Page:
With one week left to certify the results of the Wisconsin Presidential election, the recount has proceeded just about as everybody expected, if a bit faster. Through Sunday, 38.6% of the votes cast for the 7 candidates on the ballot, or 1,135,377 as reported in the county canvasses, were fully recounted in 41.8% of the reporting units, or 1519 of 3636. That is despite several counties, for various reasons, not actually beginning their recounts until yesterday. In 918 of those reporting units, there was no change in the number of votes cast for each candidate. In another 407, there was a gross change of either 1 vote or 2 votes.
There was a total of 1614 changes to the vote totals, or 0.142% of the votes counted in the original county canvasses. However, most of these changes cancelled each other out, so the total number of votes increased by only 198. Donald Trump benefited the most thus far, gaining 84 votes over the county canvasses, while Hillary Clinton gained 63 votes and Jill Stein gained 31 votes.
So far, there have been 14 reporting units that have had a gross vote change of at least 10 votes. Of the 10 that have already provided an explanation for the discrepancies between the canvass and the recount, only one, one of the reporting units in the town of Whitewater, blamed a voting machine, specifically, a jammed voting machine that the elections officials apparently did not properly account for on Election Day. The rest were errors by election officials or voters, whether the errors were ballots not counted on election day, “mismarked” ballots, misreporting in the canvass, or in one case in the town of Fond du Lac, 13 absentee ballots with missing envelopes and a 14th that was also rejected for reasons currently unknown.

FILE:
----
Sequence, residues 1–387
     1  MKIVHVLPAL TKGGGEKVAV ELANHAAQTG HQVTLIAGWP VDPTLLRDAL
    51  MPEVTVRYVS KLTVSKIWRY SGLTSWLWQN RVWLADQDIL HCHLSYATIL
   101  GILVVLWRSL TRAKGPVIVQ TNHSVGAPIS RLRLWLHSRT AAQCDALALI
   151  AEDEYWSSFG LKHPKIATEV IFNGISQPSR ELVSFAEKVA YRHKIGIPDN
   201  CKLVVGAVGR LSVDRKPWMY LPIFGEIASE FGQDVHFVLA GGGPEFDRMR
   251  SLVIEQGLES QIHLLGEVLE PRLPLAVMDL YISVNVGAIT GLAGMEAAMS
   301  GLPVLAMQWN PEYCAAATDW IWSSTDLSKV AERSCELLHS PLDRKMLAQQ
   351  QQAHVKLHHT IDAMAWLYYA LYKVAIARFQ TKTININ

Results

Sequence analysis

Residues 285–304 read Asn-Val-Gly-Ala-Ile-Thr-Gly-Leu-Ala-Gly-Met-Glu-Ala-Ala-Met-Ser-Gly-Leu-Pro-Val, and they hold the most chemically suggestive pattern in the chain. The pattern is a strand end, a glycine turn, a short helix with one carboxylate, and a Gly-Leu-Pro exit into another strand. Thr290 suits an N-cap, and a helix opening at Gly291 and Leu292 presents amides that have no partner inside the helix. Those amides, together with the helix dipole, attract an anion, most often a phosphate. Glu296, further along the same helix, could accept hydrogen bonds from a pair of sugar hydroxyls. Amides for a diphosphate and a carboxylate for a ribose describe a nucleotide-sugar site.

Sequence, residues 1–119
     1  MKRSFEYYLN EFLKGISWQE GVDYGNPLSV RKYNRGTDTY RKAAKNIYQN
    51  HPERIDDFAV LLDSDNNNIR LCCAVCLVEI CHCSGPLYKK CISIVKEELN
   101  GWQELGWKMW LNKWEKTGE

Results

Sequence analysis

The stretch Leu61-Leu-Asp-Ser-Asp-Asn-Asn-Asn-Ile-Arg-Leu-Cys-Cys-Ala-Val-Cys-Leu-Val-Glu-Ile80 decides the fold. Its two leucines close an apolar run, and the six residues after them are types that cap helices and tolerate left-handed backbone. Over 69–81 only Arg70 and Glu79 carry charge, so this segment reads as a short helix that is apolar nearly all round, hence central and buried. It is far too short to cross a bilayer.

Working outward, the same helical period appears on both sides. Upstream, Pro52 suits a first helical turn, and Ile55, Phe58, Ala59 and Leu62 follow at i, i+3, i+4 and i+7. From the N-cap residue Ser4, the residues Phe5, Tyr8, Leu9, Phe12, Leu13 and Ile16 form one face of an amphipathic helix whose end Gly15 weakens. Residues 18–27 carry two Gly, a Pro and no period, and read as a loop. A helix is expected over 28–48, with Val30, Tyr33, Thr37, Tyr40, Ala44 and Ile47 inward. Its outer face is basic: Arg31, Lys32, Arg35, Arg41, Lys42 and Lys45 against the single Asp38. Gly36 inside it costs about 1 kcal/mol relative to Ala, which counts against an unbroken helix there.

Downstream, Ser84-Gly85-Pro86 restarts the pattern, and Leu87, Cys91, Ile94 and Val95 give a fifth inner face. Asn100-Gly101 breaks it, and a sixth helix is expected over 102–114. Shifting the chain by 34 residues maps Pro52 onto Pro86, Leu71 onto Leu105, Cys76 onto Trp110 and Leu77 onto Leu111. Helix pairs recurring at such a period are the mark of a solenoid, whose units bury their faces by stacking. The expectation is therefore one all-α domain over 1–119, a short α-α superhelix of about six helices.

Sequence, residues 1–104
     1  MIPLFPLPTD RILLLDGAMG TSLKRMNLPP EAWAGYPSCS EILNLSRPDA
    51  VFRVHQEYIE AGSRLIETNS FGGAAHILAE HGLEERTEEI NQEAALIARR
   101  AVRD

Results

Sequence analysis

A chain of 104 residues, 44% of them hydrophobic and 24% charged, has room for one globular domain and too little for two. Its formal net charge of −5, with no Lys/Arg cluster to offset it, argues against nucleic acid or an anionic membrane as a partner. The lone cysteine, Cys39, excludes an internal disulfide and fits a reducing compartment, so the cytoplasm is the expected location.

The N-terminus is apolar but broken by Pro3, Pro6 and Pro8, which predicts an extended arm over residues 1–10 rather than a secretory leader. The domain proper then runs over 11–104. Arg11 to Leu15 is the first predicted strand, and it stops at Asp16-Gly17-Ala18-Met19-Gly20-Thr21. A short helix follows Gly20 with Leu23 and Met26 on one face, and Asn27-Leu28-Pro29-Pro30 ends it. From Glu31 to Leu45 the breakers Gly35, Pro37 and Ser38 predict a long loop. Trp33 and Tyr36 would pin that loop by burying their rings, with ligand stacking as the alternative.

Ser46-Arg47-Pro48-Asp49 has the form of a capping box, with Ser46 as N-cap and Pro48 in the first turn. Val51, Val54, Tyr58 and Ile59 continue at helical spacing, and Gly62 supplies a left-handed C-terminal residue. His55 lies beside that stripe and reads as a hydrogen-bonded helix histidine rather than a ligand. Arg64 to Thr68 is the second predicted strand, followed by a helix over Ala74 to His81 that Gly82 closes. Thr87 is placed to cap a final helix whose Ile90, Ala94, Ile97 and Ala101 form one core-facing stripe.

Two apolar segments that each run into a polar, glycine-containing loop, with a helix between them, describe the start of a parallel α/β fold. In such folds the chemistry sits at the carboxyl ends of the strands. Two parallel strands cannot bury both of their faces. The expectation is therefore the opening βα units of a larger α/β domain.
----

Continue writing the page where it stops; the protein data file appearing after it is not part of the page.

Speaking of rejected absentee ballots, that there have been no reports of any of the campaigns seeking to disqualify a whole stack of absentee ballots is, thus far, one positive difference between this recount and the 2011 David Prosser-JoAnne Kloppenburg recount.
In short, thus far, there is absolutely no evidence of “hacked” voting machines, or even statistically significant errors by either election officials or voters in not making their intent sufficiently clear. That hasn’t stopped the Stein campaign from getting a federal court to order the immediate recount of Michigan’s vote despite a statutory 2-business day waiting period from the time a recount is ordered and a pending lawsuit before Michigan’s Supreme Court filed by that state’s attorney general to declare her not an “aggrieved” candidate and thus not entitled to a recount. That hasn’t stopped the Stein campaign from running to federal court in a 13th-hour attempt to nullify the Pennsylvania election after it balked at paying a state court a $1 million bond to get a hearing on that request, despite a re-canvass of select Allegheny County (Pittsburgh) precincts that turned up no errors. That hasn’t stopped supporters of Hillary Clinton from filing a lawsuit in Florida just this morning to get a hand recount there, despite Trump winning that state by over 112,000 votes.